Wednesday, March 02, 2005

Action in Darfur is long overdue

Clinton did something very important that not many pundits have noticed by intervening in Bosnia: he legitimized the use of military force to stop mass murder. Prior to that, considerations of sovereignty generally prevailed in matters internal to a nation. This has major implications for Bush’s policies, because illiberal autocracies can only stay in power in the face of mass protests by subduing (often massacring) the protesters with their military or paramilitary forces. And from Tehran to Riyadh to Damascus, they now know beyond a shadow of a doubt that the U.S. military can and will remove tyrannical regimes with unsettling ease when U.S. public opinion perceives the necessity, leaving democracies in their wake. And when the oppressed peoples of the greater Mideast start deciding that if they stand up for their freedom, we’re going to stand with them -- watch out. Darfur is a great chance to do the right thing, and at the same time pragmatically uphold the Clintonian humanitarian interventionist precedent as a means of advancing democratic reform.

What happened in Lebanon may be a harbinger of things to come. While many Lebanese might have dismissed Bush’s speeches on freedom and statements the United States will “stand with” democratic reformers, at least a few of them may have interpreted his remarks to mean that the world’s military superpower, with 165,000 troops a few hours from Beirut, was ready to defend them in the name of democracy. All they needed was a catalyst, which Syria obligingly provided with the clumsy and universally denounced assassination of Hariri. As Glenn Reynolds pointed out, once a few people believe there is hope, that belief can quickly cascade to an entire nation.


Blogger Fargus... said...

The other thing that these fellas know, though, is that the US Army can be overextended, fighting big wars on multiple fronts. I wouldn't be so quick to diagnose the beginning of a "domino effect" of freedom just yet (though if it did happen, then that would be wonderful, wouldn't it?).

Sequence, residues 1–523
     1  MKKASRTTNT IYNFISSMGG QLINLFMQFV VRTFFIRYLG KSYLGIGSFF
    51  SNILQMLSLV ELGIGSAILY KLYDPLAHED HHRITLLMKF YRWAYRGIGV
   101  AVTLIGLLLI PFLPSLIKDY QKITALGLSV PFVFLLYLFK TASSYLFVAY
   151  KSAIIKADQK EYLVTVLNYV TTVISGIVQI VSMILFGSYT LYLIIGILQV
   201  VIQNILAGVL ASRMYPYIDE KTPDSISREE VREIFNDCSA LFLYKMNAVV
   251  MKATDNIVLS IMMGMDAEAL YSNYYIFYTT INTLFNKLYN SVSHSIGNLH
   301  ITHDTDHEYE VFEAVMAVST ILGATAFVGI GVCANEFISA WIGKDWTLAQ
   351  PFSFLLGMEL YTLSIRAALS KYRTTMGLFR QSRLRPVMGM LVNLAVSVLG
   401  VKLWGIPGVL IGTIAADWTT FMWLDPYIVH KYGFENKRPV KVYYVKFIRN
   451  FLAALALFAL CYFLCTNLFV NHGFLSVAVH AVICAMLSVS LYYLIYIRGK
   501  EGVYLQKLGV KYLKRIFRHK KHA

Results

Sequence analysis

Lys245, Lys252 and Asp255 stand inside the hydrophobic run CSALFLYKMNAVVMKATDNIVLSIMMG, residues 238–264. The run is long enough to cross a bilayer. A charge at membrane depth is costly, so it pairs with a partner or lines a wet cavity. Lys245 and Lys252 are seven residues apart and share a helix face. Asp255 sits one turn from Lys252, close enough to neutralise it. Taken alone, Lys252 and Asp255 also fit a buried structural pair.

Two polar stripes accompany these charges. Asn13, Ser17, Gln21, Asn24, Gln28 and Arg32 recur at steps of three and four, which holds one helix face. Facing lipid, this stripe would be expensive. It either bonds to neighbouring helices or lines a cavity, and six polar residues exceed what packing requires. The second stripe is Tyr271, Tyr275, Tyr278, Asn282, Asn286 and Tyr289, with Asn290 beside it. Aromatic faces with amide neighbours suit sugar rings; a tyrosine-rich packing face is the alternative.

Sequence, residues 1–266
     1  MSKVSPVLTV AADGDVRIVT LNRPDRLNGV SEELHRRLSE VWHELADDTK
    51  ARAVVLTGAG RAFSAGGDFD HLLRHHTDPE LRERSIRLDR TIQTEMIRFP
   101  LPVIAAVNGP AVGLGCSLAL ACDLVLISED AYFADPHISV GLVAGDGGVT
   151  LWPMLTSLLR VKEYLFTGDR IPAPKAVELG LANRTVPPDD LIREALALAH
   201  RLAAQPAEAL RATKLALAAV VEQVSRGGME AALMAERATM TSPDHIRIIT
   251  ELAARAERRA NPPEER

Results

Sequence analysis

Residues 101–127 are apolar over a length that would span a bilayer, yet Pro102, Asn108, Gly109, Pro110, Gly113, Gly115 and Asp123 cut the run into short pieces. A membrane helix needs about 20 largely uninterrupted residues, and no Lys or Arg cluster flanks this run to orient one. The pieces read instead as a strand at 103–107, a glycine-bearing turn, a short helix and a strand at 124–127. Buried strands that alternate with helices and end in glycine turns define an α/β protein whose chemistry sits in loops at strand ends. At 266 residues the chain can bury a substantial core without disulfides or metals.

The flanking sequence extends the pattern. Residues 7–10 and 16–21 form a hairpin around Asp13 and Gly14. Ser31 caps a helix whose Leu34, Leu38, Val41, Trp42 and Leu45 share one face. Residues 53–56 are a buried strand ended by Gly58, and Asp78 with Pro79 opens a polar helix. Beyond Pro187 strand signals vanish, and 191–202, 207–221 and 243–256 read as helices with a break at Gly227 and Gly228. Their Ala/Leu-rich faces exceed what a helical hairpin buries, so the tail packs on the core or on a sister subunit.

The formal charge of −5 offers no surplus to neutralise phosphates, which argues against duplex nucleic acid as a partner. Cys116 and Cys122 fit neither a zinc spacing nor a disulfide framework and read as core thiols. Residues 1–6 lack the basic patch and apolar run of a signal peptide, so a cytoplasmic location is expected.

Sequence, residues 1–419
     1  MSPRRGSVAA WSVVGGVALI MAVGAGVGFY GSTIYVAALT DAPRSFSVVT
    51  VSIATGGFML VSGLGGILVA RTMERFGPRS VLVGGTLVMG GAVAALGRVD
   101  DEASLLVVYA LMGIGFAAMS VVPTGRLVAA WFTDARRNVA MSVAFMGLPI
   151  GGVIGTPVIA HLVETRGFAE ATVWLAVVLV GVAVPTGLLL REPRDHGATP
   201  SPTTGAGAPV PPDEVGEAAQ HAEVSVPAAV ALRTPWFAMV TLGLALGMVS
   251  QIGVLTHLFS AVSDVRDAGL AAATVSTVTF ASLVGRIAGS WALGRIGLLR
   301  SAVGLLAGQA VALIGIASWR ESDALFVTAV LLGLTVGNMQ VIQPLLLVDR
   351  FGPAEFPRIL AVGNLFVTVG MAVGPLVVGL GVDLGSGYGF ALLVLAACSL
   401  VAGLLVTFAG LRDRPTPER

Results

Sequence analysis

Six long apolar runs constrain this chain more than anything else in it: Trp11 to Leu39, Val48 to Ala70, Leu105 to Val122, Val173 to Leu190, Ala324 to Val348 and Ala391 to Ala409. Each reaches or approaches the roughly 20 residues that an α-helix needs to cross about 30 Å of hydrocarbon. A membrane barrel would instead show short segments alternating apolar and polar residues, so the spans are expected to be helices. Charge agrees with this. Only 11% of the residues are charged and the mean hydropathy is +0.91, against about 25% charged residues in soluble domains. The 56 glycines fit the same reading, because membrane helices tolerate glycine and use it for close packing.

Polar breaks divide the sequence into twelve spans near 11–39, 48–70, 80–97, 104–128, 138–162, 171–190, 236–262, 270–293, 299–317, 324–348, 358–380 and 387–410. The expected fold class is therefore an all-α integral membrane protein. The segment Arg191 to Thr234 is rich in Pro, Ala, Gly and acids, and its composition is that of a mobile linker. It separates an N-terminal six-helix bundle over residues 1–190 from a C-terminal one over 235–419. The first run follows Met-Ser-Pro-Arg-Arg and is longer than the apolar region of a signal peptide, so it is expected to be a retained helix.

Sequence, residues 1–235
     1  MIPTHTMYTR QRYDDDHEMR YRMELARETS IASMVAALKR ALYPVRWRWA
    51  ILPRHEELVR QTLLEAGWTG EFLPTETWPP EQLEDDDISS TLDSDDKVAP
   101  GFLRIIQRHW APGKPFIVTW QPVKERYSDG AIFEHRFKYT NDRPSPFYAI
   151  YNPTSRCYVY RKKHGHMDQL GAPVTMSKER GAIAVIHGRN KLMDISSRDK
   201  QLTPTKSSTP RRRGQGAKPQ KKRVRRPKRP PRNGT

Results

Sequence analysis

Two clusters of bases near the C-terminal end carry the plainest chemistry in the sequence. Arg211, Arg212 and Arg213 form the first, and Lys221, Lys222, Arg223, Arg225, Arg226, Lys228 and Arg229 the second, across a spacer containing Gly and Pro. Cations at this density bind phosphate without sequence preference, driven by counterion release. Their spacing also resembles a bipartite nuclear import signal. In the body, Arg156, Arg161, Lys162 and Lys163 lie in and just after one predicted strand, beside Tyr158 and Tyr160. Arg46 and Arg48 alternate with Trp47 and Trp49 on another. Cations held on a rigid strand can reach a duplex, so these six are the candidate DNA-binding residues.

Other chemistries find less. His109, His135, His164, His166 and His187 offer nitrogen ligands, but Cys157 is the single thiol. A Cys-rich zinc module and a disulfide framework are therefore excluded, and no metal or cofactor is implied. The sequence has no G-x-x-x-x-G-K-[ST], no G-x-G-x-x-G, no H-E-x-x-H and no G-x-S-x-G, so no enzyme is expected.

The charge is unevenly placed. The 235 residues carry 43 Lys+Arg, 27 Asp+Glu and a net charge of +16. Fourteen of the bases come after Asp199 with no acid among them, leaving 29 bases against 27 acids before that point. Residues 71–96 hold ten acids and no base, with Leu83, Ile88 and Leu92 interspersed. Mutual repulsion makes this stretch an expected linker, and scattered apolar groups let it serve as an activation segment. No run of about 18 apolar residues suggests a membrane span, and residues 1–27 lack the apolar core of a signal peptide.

OK, so if I'm commenting on here, then some people need to get on over to my blog and make themselves heard, also. Go on, git.

12:25 PM  
Blogger TallDave said...

It's pretty hard to see how it could be a manpower problem to the extent of there being any chance of U.S. defeat in open battle. I mean, we could be overextended in terms of ground troops for occupation, but not in terms of warfighting capability. Precision weapons are a huge force multiplier; we can hit more targets in a week today than were hit in all of WW II.

One carrier group can defeat pretty much any entire region by itself, at least in terms of direct open combat, and we have twelve of them.

3:47 PM  
Blogger Fargus... said...

I dig. I'm not necessarily talking about the "war" aspect. More about the occupation and stabilization aspect. These insurgents are proving to be a lot more of a problem than we thought in the first place.

6:13 PM  
Blogger TallDave said...

See, but that's the best part! If we take military action to support a democratic revolution, we don't have to occupy them.

1:56 PM  
Blogger Fargus... said...

But that's not what we did in Iraq, and it's not what happened in Lebanon. Iraq was a full-scale invasion, and Lebanon did its own thing.

4:35 PM  
Blogger TallDave said...

Right, there was no democratic revolution in Iraq. We went to war and built the democracy ourselves, with help from Iraqis but under American fiat.

But if there's aready an uprising (or even just a viable opposition, as in Afghanistan), that means we can just support them by air and special ops (as was done to great success in Afghanistan). Occupation shouldn't be necessary. The mere threat of U.S. force might make a lot of army units hesitate before firing on their own peacefully demonstrating people.

6:03 PM  
Blogger TallDave said...

Lebanon did do its own thing, but you have to think having 165,000 U.S. troops a few hours drive away made a difference. They couldn't just machine-gun those crowds as they might have in decades past; the outcry in the West would have enabled U.S. intervention with strong international backing.

6:05 PM  
Blogger Fargus... said...

That's a big logical jump, and a bit ego(ethno)centric. There were a lot of factors that played into the Lebanon thing. There had been a lot going on there for a long time.

5:36 AM  

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